During school days, Rose Saidi, a mother of four, leaves home as early as 3 am.
Her task is simple: To help cook porridge for the learners he fondly calls “our children”.
The volunteer and her 39 colleagues have become go-to heroes in the school feeding programme supported by Mary’s Meals at Kapeni Demonstration Primary School in Blantyre.
“What makes me proud of my voluntary work is the joy of helping over 7 000 learners, mostly those from poor backgrounds, to learn without worrying about hunger,” she says.
Interestingly, Saidi’s husband understands and appreciates her work.
She says: “We also have two kids at the school who are benefitting from the school feeding programme.
“I am always happy to see learners, including my own children, who come early to school on empty stomachs get served their breakfast before they can attend classes. It is as well-pleasing to see that their performance improving.”
Saidi says while the programme is beneficial to a child’s early learning development, providing more cups to learners would help lessen the burden that some parents still have in providing feeding cups to their wards.
Saidi is among over 80 000 volunteers who prepare and serve Likuni Phala every school day to over one million children in 1 000 schools nationwide.
Through the feeding programme, Mary’s Meals seeks to see every child receive a daily meal in their place of education and that those who have more than they need share with have-nots.
The mission is to enable people to offer their money, goods, skills, time and through this involvement, provide the most effective help to the constrained in poor communities.
When the initiative started 20 years ago, Mary’s Meals was only serving 200 school meals.
Today, the organisation is feeding over 2.2 million children in 20 countries, including over one million learners in Malawi. Over half of them, about 51 percent, are girls.
Sanel Bonongwe, a Standard Eight leaner at Kapeni, is one of the girls benefitting from the programme. The 12-year-old aspires to remain in school until she becomes a medical doctor.
“Since I enrolled in Standard One in 2015, I have never been bothered by a lack of breakfast at home. I come to school every day on an empty stomach knowing well that I will access the porridge before starting classes,” she says.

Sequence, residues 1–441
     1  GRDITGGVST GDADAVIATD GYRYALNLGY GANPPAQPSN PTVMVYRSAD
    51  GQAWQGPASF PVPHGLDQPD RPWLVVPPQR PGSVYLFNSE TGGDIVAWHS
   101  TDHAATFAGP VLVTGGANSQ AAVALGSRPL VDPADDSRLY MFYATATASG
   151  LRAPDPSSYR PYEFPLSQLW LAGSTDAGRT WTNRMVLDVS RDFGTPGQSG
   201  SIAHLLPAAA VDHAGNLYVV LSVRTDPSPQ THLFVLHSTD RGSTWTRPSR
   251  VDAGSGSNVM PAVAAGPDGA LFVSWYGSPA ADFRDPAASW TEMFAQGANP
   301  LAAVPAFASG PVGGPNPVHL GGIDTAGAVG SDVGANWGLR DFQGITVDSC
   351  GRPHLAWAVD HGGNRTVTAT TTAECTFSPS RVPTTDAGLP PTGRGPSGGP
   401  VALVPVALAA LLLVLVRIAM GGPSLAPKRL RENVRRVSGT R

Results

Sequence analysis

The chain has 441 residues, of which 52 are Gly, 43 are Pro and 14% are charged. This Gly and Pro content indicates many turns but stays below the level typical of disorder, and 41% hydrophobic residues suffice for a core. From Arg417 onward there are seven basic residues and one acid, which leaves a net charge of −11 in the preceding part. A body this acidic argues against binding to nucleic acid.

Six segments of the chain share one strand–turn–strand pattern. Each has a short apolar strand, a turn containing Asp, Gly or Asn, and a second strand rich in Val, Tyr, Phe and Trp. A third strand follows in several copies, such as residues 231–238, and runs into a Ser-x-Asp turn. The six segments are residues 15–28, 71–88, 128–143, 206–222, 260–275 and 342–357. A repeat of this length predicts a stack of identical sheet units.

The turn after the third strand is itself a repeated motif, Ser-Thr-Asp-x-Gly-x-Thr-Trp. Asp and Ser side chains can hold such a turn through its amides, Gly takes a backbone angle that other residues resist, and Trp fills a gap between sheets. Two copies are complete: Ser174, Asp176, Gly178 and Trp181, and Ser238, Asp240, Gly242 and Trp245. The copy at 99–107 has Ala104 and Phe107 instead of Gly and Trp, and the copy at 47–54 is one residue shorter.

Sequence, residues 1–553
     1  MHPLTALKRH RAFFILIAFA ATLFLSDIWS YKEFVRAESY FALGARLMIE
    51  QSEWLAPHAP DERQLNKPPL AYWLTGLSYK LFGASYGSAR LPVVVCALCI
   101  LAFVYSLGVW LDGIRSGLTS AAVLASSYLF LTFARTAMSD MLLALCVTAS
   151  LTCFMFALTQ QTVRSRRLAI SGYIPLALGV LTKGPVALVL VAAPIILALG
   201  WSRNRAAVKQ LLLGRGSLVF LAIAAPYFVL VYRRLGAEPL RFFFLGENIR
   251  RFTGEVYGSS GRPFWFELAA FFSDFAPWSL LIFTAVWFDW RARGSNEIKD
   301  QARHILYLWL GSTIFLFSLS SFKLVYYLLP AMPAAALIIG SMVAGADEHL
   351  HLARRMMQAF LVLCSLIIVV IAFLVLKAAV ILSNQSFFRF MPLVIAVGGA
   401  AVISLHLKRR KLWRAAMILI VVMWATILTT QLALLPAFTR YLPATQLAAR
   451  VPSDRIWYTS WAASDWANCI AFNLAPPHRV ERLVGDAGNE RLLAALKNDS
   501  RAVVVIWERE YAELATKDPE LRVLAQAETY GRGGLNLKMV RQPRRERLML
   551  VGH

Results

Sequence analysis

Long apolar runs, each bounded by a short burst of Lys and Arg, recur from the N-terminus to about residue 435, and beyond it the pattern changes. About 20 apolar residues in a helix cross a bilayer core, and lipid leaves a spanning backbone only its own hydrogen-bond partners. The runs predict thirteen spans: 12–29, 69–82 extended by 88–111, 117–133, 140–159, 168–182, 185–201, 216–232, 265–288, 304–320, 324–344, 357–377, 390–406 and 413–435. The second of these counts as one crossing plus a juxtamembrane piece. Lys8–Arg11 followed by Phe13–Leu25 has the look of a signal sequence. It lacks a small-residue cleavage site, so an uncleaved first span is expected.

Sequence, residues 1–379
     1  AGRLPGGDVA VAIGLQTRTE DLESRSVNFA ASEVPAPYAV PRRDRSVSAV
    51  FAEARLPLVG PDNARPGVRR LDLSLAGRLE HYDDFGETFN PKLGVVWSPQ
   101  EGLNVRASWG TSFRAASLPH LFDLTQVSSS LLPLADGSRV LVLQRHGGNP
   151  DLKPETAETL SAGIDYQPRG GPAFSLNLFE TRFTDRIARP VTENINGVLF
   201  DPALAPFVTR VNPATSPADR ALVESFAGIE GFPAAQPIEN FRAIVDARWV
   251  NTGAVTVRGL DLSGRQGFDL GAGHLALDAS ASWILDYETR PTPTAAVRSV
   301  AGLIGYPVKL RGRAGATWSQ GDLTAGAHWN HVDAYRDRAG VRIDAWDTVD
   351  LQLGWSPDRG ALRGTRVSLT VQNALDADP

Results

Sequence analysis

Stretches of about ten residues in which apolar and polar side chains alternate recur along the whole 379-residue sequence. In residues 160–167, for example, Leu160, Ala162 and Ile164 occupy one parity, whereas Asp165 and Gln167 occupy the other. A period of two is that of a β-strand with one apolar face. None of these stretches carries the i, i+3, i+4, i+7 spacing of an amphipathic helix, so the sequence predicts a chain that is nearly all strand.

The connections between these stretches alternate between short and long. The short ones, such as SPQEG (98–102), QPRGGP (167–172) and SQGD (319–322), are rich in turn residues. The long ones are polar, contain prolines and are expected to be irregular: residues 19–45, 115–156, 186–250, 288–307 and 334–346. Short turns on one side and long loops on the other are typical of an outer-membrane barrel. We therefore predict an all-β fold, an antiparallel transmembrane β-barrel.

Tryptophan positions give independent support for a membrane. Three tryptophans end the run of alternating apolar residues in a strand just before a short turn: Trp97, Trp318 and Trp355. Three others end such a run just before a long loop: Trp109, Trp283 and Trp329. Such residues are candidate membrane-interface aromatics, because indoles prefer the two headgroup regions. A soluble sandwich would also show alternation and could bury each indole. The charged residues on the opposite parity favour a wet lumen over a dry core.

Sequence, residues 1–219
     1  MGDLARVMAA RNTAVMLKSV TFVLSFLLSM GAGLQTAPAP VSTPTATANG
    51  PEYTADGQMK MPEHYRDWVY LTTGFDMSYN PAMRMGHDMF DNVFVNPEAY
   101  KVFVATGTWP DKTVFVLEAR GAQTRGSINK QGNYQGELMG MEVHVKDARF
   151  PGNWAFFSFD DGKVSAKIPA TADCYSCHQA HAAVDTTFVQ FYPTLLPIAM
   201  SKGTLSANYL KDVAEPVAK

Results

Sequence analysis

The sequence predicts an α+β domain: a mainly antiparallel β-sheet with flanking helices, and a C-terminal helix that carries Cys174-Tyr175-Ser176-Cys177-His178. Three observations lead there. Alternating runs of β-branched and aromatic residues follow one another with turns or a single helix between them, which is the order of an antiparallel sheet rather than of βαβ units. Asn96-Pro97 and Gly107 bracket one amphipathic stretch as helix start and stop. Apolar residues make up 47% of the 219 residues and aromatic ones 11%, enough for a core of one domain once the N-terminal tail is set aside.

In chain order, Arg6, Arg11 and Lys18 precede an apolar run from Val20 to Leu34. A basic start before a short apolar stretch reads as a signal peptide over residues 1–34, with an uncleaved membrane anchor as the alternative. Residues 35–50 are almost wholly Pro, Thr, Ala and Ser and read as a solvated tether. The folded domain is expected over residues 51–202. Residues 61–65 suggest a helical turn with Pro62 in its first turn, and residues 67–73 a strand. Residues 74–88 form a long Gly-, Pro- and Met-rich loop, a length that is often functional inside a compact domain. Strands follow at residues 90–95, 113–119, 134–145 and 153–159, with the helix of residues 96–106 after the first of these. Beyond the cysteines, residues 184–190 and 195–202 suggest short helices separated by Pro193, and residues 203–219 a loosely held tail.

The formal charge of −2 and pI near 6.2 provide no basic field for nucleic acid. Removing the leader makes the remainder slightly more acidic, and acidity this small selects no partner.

Since she is not bothered by hunger, Sanel concentrates in class and hopes her dream will come true.
Her teacher Sellina Khanje is the school’s health and nutrition supervisor. She says just like Sanel, most of the learners are doing well in class, thanks to the school-feeding initiative.
She states: “The only challenge we have now is that we have little storage room and that some of the learners cannot afford cups for the feeding programme.
“As a result, they end up borrowing from their friends, but we would have loved it if the cups were distributed to all learners regardless.”
Currently, the feeding rate stands at over 96 percent.
Mary’s Meals country director Angela Chipeta Khonje says it costs K19 000 to feed a learner throughout the academic year.
However, despite feeding over a million learners, over four million children in the country are waiting for school meals.
“We want more people in Malawi to get involved and join the movement by volunteering as well as donating money or goods to buy food and other essentials so that we can feed the next vulnerable child waiting for Mary’s Meals,” Khonje says.
She commends some people of goodwill who have been donating to Mary’s Meals over the past two decades.
Khonje appealed for more individuals and the private businesses to help feed more vulnerable children.
“There is still so much to do with so many more children out there who are hungry and are in need of Mary’s Meals, so we keep going by raising awareness and funds so that we are able to reach the next vulnerable child,” she explains.